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Jul 19, 2020 1:09 AM CST
|I have just bought an apartment in Berlin Germany and these trees have been planted in the outside space. I have a ground floor north facing apartment and I'm worried that these trees will grow so high they will take away the light that I get from the bright sky. If they grow wide that wouldn't be a problem for the light. Should I be worried? The communal space is built on the carpark so the earth doesn't go too deep. maybe 1.5 to 2 meters.
LIQUIDAMBER STYR. (AMBERBAUM, H, 3XV, MDB, STU 10-20cm
Acer Ginnala (Feuerahorn), H, 3xv mDb STU 18.20cm
Crataegus monog, H, 3xv mDb STU 18-20cm
Sorbus auc. Edulis (Essbare Eberesche, ) H, 3xv mDb STU 18-20cm
Jul 19, 2020 7:39 AM CST
|Liquidambar styraciflua = 15–21 m
Acer ginnala = 3–10 m
Crataegus monogyna = 5–14 m
Sorbus aucuparia = 5-15 m
The problem tree will be the Liquidambar styraciflua because they can get up to 45 m if not cultivated properly. But the better question is why did they plant a non-native Liquidambar styraciflua in a public space? The seed pods haunted the bare feet of my childhood.
To plant a garden is to believe in tomorrow. - Audrey Hepburn
Jul 19, 2020 8:12 AM CST
|I suspect they're mostly going to grow tall. An arborist can do things with many trees to alter their natural profile, but there are limits without a lot of work. There's a multi-trunk cultivar of the Acer ginnala that would be easy to shape up as a large shrub, but since they bought other single-trunk tall trees, they probably didn't buy the multi-trunk of that one.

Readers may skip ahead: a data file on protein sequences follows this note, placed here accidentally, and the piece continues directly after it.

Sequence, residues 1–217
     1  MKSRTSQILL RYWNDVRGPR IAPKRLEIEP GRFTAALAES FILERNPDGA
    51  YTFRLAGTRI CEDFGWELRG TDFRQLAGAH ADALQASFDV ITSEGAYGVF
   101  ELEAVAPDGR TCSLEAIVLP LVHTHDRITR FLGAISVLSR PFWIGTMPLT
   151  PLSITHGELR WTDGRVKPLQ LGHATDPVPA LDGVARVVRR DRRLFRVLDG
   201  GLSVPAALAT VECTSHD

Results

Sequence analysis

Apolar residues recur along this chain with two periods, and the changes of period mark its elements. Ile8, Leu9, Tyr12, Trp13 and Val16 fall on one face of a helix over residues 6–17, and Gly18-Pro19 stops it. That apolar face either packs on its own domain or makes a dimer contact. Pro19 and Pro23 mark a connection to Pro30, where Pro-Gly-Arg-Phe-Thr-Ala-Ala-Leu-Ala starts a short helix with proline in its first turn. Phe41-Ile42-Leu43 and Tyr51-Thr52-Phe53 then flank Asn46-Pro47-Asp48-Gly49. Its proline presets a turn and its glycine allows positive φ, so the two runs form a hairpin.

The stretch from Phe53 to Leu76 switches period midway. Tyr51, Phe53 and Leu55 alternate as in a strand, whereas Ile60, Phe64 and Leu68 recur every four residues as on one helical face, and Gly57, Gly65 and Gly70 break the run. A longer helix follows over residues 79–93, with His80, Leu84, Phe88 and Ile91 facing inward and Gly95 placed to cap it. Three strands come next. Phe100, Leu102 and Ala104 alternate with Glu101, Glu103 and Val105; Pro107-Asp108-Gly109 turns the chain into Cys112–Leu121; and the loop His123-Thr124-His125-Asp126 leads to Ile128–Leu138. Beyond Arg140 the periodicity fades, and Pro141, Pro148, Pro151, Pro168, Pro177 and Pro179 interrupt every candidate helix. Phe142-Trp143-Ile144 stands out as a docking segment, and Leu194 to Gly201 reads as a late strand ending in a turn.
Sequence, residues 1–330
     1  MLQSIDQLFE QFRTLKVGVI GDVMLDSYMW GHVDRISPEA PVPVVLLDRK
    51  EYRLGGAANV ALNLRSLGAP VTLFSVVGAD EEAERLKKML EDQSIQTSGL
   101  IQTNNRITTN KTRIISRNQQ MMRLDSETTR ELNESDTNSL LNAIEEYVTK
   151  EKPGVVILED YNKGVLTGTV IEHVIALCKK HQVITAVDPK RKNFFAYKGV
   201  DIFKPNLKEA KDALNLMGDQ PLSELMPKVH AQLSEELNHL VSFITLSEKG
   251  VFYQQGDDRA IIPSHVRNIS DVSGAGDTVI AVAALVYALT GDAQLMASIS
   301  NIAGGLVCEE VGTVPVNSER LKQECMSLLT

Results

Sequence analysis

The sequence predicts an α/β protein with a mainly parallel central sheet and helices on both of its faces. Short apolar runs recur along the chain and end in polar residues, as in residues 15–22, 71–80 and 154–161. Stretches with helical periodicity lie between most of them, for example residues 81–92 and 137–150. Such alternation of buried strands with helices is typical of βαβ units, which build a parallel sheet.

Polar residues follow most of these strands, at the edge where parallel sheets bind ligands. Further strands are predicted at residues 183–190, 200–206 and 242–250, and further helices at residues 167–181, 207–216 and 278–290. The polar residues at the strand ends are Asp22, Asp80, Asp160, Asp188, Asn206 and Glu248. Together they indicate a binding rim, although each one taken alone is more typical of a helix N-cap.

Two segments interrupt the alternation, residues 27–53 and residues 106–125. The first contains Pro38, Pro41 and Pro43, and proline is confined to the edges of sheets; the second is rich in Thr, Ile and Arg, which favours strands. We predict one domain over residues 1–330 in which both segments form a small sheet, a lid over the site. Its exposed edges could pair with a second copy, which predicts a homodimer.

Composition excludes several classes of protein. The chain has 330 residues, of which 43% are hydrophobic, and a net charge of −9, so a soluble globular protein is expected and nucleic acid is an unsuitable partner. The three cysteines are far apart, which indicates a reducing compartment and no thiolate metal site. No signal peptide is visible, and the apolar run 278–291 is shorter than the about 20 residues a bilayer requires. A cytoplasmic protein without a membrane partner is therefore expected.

Still, there are specific expert techniques that can limit the height of a tree. They are much best done from the beginning. So it depends on if your landlord is prepared to follow up their tree investment with an ongoing contract to manage their height. Of course, keeping them small may not at all be part of their vision for the space.
Don't expect much help from the relatively shallow soil above the parking lot. For one thing, roots are cleaver about finding a way through. And a tree gets most of its food and water from inches below the surface, which is why they're so easily damaged by careless human activities at the surface.
Jul 19, 2020 8:17 AM CST
|Here are our database entries for the trees you've listed:
American Sweetgum (Liquidambar styraciflua)
Amur Maple (Acer tataricum subsp. ginnala)
British Hawthorn (Crataegus monogyna)
Common Mountain Ash (Sorbus aucuparia)
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